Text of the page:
Unfortunately, the work may not be best suited for electronic distribution; fortunately, print collections are released, well, like clockwork. In fact, the work was originally printed, and has moved to the Internet. The backlog of previously-print comics may be found as the "101 class."


(Girl Genius updates M-W-F.)


However, I cannot dispute that the mad scientist has left his mark on the present as well. Nowadays, mad science can be had for rather more cheaply than the traditional obsessed gentry who sinks his fortune into his work. Though no less obsessed, these mad scientists are often more aware of the world, seeking to control--or at least influence--it as much as seeking Science For Science's Sake.


Two memorable examples of this are Casey Grimm and Andy Weir ( Weir's stories of his and Grimm's adventures in mad science are rather more humorous and less grand--not to mention, more primitively drawn--than the Foglio's records, but what they lack in drama they make up in causing even the most well-composed reader to howl in laughter. Their secret of reincarnation, though, remains a mystery.


Weir's memoirs have been interrupted, however, as he has continued with other projects. Still, with the final story in its climax, we can only hope he will complete his task in time.


(Casey and Andy is on indefinite hiatus.)


However, for a present-day mad scientist, look no further than Helen Narbon ( Shaenon Garrity's recently-completed tale of the wonder and mystery of Mad Biologist Helen Beta Narbon (specialist in gerbils), her henchman Dave Davenport, the stupendously violent intern Mell Kelly, and the world they lived in is one of the finest examples of mad science put to electrons. After six and a half years, the story has come to its grand conclusion, but it will remain online for as long as the Internet itself lasts.


Drawn as a simple black-and-white four-panel strip, and running continuously since mid-2000, the story is one of the few successful tales on the Internet to both be incredibly humorous day-to-day and tell a long, complex story over the course of years. It is highly recommended for everyone.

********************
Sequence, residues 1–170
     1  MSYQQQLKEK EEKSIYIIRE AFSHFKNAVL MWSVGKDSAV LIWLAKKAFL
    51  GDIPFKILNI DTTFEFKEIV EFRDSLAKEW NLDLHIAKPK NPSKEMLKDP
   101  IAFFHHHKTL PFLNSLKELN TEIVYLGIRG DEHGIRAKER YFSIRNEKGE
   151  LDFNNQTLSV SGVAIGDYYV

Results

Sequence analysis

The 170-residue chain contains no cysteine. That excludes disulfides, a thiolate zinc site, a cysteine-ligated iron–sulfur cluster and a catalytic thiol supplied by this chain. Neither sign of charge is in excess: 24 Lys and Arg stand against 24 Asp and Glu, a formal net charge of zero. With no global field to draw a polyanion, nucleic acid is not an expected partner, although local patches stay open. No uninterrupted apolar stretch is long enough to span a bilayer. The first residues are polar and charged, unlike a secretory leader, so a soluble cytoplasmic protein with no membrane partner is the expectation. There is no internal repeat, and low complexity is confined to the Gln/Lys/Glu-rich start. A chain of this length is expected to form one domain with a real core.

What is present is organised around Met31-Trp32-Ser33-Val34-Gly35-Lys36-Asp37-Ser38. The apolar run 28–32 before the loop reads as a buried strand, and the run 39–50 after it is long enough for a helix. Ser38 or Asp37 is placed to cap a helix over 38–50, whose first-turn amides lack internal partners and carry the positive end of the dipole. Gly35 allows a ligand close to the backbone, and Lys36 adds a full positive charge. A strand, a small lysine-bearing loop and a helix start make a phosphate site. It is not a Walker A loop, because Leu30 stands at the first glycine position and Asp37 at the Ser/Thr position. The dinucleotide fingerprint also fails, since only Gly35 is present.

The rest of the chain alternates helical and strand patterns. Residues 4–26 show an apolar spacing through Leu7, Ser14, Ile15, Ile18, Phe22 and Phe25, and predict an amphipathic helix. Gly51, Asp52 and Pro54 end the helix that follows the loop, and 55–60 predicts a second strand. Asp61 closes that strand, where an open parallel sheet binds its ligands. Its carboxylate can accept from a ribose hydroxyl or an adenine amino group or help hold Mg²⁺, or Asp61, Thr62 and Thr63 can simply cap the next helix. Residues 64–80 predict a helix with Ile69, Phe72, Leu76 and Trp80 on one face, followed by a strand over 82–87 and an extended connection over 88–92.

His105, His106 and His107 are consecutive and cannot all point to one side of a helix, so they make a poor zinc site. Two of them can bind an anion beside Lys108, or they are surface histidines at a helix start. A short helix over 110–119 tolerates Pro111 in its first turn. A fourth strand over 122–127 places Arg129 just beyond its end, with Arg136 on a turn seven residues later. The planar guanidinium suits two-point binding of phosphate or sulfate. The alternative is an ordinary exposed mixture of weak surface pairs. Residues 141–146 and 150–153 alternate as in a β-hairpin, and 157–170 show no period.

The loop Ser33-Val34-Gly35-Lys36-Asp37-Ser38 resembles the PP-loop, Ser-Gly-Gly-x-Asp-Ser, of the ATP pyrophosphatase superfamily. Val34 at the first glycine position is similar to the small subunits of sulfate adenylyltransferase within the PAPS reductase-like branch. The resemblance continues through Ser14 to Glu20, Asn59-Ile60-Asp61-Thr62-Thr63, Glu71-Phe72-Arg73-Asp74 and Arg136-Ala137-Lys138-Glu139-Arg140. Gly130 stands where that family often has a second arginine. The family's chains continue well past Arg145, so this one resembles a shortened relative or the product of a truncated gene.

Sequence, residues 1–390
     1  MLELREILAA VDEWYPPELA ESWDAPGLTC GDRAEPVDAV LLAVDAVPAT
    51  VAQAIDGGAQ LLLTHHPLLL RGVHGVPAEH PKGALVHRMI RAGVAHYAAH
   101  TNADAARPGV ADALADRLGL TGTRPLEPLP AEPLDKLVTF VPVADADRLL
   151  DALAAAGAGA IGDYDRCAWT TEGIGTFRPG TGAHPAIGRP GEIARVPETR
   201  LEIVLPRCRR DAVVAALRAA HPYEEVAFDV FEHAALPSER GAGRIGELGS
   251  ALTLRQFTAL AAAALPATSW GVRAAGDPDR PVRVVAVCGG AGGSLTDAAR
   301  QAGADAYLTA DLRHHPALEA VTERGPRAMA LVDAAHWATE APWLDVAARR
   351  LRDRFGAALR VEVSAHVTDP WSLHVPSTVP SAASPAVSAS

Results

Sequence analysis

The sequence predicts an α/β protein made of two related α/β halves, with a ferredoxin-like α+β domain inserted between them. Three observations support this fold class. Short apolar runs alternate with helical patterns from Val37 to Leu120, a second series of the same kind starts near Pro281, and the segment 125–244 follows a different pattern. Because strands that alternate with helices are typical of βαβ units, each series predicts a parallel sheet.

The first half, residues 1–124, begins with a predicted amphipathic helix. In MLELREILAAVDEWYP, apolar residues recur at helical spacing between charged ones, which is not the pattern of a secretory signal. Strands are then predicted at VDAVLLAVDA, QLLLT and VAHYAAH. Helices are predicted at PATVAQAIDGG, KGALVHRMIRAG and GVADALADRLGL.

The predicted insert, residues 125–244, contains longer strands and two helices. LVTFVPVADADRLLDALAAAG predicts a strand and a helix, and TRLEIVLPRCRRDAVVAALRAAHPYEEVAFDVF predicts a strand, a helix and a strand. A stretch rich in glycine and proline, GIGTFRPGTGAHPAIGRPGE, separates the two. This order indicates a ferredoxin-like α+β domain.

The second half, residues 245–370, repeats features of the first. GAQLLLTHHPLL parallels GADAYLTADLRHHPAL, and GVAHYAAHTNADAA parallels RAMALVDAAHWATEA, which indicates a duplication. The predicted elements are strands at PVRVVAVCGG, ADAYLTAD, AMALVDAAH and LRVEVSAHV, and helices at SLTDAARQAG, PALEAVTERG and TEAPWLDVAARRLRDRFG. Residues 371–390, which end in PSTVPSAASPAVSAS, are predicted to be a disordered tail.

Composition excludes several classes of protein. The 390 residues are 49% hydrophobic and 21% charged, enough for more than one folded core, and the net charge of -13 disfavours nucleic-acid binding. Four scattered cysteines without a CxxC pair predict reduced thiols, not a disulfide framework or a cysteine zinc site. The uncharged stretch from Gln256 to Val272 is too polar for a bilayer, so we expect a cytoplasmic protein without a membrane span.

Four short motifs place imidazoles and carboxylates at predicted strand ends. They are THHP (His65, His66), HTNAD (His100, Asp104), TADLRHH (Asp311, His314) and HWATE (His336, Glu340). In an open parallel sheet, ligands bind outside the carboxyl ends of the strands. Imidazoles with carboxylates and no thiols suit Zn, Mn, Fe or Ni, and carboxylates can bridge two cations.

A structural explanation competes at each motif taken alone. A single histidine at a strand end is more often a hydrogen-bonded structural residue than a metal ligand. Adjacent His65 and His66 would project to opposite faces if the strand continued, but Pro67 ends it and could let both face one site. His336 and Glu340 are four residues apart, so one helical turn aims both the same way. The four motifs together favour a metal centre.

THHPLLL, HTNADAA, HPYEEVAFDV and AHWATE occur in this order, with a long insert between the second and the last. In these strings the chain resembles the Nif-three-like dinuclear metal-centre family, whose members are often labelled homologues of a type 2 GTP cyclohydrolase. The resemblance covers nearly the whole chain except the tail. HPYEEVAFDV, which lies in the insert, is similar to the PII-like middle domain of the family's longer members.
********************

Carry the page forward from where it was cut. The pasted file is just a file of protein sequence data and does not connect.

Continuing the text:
(Narbonic has been completed, but is running "Director's Cut" commentary every day, to finish some time in 2013.)


And so we come to the future. Sometimes called the natural home of the mad scientist, the future holds more surprises, shocks, amazements, and mad scientists than any other time. It is not uncommon, in fact, for the future to be considered one of purely mad scientists, or at least one where the mad scientists really have conquered the world.


For one where they keep trying, however, there is the story of Benjamin Prester ( As told by Jon Kilgannon and Mark Sachs, it is the story of a near-future mid-22nd Century where mad science has been diagnosed as a memetic disease, which renders individuals mad and dangerous. They usually come up with a half-dozen plans for world domination in their sleep. Prester, as a Vorstellen Policeman, has the unenviable job of tracking down, subduing, and delivering the infected for treatment. This usually involves danger, which is why he packs a hand-held

railgun. For the case at the center of the story here, however, Prester has been teamed with a psychologist...from the groupmind planet Mars. This Miracle of Science might be more of a headache than Benjamin anticipates...


Drawn beautifully in a Japanese manga-influenced style, this story includes notes by the creators, who are both science and mad science enthusiasts. One often finds discussions of scientific and technological marvels from the here-and-now alongside discussions of what will be, someday.


(A Miracle Of Science updates M-Th, but is soon to end, being in the epilogue already.)